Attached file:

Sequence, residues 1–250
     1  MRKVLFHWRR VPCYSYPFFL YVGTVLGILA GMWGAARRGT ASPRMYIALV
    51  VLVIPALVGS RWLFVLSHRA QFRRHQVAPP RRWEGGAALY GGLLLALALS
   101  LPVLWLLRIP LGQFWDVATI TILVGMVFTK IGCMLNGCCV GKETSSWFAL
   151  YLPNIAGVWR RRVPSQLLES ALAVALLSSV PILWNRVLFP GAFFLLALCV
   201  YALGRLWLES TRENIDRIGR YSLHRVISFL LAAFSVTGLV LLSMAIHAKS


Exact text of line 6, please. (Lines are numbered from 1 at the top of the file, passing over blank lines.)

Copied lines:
   201  YALGRLWLES TRENIDRIGR YSLHRVISFL LAAFSVTGLV LLSMAIHAKS